Finding Audrey

Page 41

No, don’t be sorry. It’s not your fault. In Starbucks, what were you thinking?

I wasn’t expecting that. For a few moments I don’t move. I’m hunched on the doormat, thoughts running through my head like ticker tape. Do I answer? What do I answer?

Do I want to tell him what I was thinking?

The voice of that therapist from St. John’s keeps running through my head; the one who used to take the Self-Assertion workshop. We do not have to reveal ourselves. She used to say it every week. We are all entitled to privacy. You do not have to share anything with others, however much they may ask you. Photos, fantasies, plans for the weekend…they’re yours. She used to look around the room almost sternly. You do NOT have to share them.

I don’t have to share with Linus what I was thinking. I could walk away. I could write, Oh, nothing! Or, You don’t want to know!!!;) Like it’s all a big joke.

But somehow…I want to share. I don’t know why, but I do. I trust him. And he’s on the other side of the door. It’s all safe. Like in a confessional.

Before I can change my mind, I scrawl,

I was thinking, “I’m a total failure, I shouldn’t exist, what’s the point of me?”

I shove it through the letter box, sit back on my heels, and blow out, feeling a strange satisfaction. There. Enough pretending. Now he knows just how weird the inside of my mind is. I hold my breath, trying to glean his reaction on the other side of the door, but there’s silence. The ripply glass is still. I can’t detect any response at all. I think he must have gone. Of course he’s gone. Who would stay?

Oh God, am I nuts? Why would I write down my most warped thoughts and post them through a letter box to the one guy I actually like? Why would I do this?

Totally deflated, I get to my feet, and I’ve reached the kitchen door when I hear a rattling. I whip round—and there’s a reply on the doormat. My hands are trembling as I grab it, and at first I can’t focus properly. It’s a new page, covered in writing, and it begins,

What’s the point of you? Try this, for starters.

And underneath there’s a long list. He’s written a long, long list, that fills the page. I’m so flustered, I can’t even read it properly, but as I scan down I catch beautiful smile and great taste in music (I sneaked a look at your iPod) and awesome Starbucks name.

I give a sudden snort of laughter that almost turns to a sob and then turns to a smile, and then suddenly I’m wiping my eyes. I’m all over the place.

With a rattle, another note plops through the letter box and I jerk in shock. What more can he have to say? Not another great big list, surely? But it says:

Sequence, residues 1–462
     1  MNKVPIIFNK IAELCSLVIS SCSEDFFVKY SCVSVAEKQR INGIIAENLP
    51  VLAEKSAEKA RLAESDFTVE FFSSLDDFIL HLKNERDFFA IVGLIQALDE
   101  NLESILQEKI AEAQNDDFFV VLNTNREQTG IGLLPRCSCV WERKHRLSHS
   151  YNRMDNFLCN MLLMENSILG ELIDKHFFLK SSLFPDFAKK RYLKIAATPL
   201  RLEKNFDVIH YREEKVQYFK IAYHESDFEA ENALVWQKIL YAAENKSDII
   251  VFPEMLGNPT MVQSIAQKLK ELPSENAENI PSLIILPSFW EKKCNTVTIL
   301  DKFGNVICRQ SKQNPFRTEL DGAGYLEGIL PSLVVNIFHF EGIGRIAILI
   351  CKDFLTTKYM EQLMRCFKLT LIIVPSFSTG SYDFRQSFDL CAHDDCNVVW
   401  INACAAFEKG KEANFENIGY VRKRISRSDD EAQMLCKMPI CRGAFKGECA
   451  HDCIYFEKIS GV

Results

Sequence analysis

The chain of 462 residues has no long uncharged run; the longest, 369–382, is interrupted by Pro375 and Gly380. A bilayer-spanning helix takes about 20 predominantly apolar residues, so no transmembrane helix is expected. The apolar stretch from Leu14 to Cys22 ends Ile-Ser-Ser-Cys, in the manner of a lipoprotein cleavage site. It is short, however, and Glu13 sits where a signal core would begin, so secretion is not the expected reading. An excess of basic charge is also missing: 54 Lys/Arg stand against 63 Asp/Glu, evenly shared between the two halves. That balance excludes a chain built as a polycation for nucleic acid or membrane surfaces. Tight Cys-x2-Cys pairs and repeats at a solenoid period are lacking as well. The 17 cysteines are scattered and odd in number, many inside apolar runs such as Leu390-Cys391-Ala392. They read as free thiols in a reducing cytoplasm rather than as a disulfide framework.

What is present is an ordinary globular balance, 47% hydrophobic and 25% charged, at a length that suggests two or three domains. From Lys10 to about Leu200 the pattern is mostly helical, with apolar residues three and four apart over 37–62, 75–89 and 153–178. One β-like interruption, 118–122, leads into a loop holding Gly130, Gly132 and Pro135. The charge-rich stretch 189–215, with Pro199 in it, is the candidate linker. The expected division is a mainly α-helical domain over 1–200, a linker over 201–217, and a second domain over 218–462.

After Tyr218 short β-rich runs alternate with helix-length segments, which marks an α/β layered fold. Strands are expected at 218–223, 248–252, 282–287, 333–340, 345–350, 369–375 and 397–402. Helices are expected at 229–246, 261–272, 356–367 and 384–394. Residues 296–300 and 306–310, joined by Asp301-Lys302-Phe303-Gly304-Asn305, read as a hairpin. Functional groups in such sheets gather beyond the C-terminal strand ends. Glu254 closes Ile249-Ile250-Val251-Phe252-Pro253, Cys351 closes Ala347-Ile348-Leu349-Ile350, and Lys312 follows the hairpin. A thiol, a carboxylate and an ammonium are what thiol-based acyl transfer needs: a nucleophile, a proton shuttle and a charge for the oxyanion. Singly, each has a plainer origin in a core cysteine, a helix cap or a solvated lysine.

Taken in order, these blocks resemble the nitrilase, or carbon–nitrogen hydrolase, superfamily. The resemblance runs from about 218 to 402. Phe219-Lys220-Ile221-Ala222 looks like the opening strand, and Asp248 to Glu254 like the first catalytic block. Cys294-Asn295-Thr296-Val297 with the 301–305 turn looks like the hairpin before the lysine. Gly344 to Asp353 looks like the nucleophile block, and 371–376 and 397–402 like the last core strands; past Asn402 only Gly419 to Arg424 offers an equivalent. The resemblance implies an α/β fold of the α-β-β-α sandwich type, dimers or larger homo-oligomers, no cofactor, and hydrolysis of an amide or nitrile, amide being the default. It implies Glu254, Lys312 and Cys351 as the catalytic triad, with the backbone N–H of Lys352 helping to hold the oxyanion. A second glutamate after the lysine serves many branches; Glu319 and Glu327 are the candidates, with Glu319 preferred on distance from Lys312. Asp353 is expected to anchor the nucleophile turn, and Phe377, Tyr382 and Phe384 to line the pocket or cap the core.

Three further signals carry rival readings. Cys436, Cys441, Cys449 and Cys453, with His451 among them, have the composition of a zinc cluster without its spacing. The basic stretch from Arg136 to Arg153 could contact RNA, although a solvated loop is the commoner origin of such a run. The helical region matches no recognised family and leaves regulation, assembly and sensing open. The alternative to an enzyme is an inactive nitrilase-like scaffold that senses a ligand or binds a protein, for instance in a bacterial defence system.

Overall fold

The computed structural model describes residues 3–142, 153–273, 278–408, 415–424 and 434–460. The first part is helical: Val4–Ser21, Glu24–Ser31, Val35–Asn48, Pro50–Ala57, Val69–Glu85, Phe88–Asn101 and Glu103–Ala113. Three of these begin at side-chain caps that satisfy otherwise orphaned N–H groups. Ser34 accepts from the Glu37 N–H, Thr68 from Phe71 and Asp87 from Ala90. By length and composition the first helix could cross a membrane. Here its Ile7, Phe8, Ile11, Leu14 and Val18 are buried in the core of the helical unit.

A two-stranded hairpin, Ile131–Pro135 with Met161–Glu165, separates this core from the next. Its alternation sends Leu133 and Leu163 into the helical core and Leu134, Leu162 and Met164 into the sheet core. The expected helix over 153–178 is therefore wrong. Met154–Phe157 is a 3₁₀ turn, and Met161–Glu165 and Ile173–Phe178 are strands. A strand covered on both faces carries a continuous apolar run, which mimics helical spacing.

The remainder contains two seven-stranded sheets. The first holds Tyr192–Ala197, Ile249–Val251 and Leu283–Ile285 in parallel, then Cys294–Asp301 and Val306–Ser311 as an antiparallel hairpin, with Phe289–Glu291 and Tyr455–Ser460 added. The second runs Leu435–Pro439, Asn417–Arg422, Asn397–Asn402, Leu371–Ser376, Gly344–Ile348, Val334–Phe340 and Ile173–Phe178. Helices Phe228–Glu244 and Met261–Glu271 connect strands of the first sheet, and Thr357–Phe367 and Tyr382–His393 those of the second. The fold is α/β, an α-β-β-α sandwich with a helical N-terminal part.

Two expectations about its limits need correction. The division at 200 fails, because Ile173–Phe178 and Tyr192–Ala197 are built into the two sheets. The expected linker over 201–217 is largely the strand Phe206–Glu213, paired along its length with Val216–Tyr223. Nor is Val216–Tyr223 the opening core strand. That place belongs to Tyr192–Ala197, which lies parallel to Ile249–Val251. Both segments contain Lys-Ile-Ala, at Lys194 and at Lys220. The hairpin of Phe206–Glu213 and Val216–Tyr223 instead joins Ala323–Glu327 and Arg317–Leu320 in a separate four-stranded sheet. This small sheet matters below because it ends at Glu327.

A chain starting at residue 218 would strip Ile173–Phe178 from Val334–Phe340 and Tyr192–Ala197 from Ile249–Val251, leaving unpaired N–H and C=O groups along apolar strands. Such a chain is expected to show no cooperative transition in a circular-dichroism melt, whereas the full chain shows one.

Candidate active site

Will you open the door?

A flurry of alarm races through me. I can’t let him see my shrunken, pale, ratty self. I just can’t. I know Dr. Sarah would tell me I’m not shrunken or ratty, I’m imagining it, but she’s not here, is she?

Not quite up to it. Another time. Sorry, sorry…

I hold my breath after I’ve posted the page. He’ll be offended. He’ll leave. That’s it, all over, before it even began…

But then the letter box rattles yet again and a reply comes through:

Understood. I’ll be off, then.

My spirits plunge. He is leaving. He is offended. He hates me, I should have opened the door, I should have been stronger, I’m so stupid…I’m just trying desperately to think of what I can write, when another page drops onto the mat. It’s folded over, and on the outside is written:

Had to give you this before I go.

For a few moments I don’t dare read it. But at last I open it up and stare at the words inside. My head is prickling all over with disbelief. My breath is jumpy as I read it. He wrote that. He wrote that. To me.

It’s a kiss.

At St. John’s, they tell you not to keep rewinding your thoughts and going over old ground. They tell you to live in the present, not the past. But how are you supposed to do that when a boy you like has just kind of, virtually, kissed you?

By the time I see Dr. Sarah at my next session I’ve replayed the scene like a million times, and now I’m wondering if the whole thing was just him winding me up, or having something to laugh about with his friends, or was he just being polite? I mean, does he feel sorry for me? Was it a pity kiss? Oh God. It was so a pity kiss. (Not that I’m an expert on kisses. I have kissed precisely one boy in my life, which was on holiday last year and it was gross.)

Dr. Sarah listens politely for about half an hour as I blabber on about Linus. And then we talk about “mind-reading” and “catastrophising,” just like I knew we would. I think I could be a therapist myself, sometimes.

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